Every Job Rejection Presents a New Learning Opportunity
If you’ve reached aged 60 and still live in fear of rejection, you haven’t really lived. Certainly in my 60+ years I have been rejected in every conceivable way, but I always pick myself up, assess the circumstances – sometimes more objectively than others – and then move my more informed self forward.
Of course rejection devastation is appropriate at times – like kindergarten. Who could forget those Valentine’s Days when missives to your heart were scant and some of your classmates barely had time to open all of theirs? Then, too, high school could be particularly brutal when “popular” girls were admired for their cashmere twinsets and not their brains. But life goes on and the longer you live the more context you have to put each of these peccadilloes in perspective.
Rejection – whether it be personal or work related – often has little to do with who you are. I don’t know many people more vulnerable than authors. They pour their heart, soul and intellect into every page of their manuscripts. Their writing may be brilliant but publishers with seeming reckless abandon reject them (unless they are already on some prestigious best-selling list) out of hand with such excuses as “the market just isn’t there for your book.”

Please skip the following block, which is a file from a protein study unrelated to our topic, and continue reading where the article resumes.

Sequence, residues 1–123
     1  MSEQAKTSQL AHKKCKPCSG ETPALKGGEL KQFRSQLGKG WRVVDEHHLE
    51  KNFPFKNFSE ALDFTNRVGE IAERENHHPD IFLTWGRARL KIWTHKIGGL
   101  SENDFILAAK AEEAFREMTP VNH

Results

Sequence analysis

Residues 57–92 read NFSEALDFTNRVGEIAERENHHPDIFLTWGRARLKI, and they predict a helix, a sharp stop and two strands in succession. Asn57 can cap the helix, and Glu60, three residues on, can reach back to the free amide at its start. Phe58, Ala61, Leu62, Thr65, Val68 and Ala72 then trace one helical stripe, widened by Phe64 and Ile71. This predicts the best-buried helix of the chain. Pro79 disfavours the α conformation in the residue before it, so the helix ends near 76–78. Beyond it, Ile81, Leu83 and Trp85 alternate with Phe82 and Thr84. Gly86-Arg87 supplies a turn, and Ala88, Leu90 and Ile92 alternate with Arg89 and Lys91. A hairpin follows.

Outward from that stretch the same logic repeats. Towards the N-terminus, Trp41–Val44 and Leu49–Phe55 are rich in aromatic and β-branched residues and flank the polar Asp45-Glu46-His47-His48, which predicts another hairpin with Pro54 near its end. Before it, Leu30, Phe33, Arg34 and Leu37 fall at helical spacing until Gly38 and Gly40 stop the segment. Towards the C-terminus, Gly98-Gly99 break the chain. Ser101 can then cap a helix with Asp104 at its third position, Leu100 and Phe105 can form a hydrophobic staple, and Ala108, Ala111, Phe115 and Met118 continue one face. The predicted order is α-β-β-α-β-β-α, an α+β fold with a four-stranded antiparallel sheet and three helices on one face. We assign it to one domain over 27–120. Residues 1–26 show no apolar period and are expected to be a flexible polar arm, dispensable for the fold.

Still, many authors who have been rejected zillions of times, pick themselves up from the floor, print out another copy (a publisher never returns the rejected copy) and send it out again. They persevere because they believe in themselves and their work. I recently learned that a current best-selling author (I won’t embarrass him by mentioning his name) with more than 10 million books in print and still selling experienced 85 rejections over 7 years before his first book was published.
NB: Just as you should never submit your resumé to an unknown entity at the employer of your dreams, never send your manuscript to a publishing house without having the name of an editor who has agreed to read it – or at least open the package.
There could be many valid reasons why you do not get the job of your dreams. It may have nothing to do with the credibility of your skills and accomplishments but, rather, that your talents are not a good fit. How well did you research the organization’s needs?
Don’t be afraid to ask for feedback. Be open and prepared to hear the criticism. Do not be defensive! Your interest shows the hiring manager you care and he or she is more likely to remember you if another more appropriate position opens in their organization. Use what you learn to better market yourself for the next opportunity. Last but far from least – be sure to thank them for taking the time to do this!
Happy Valentine’s Day.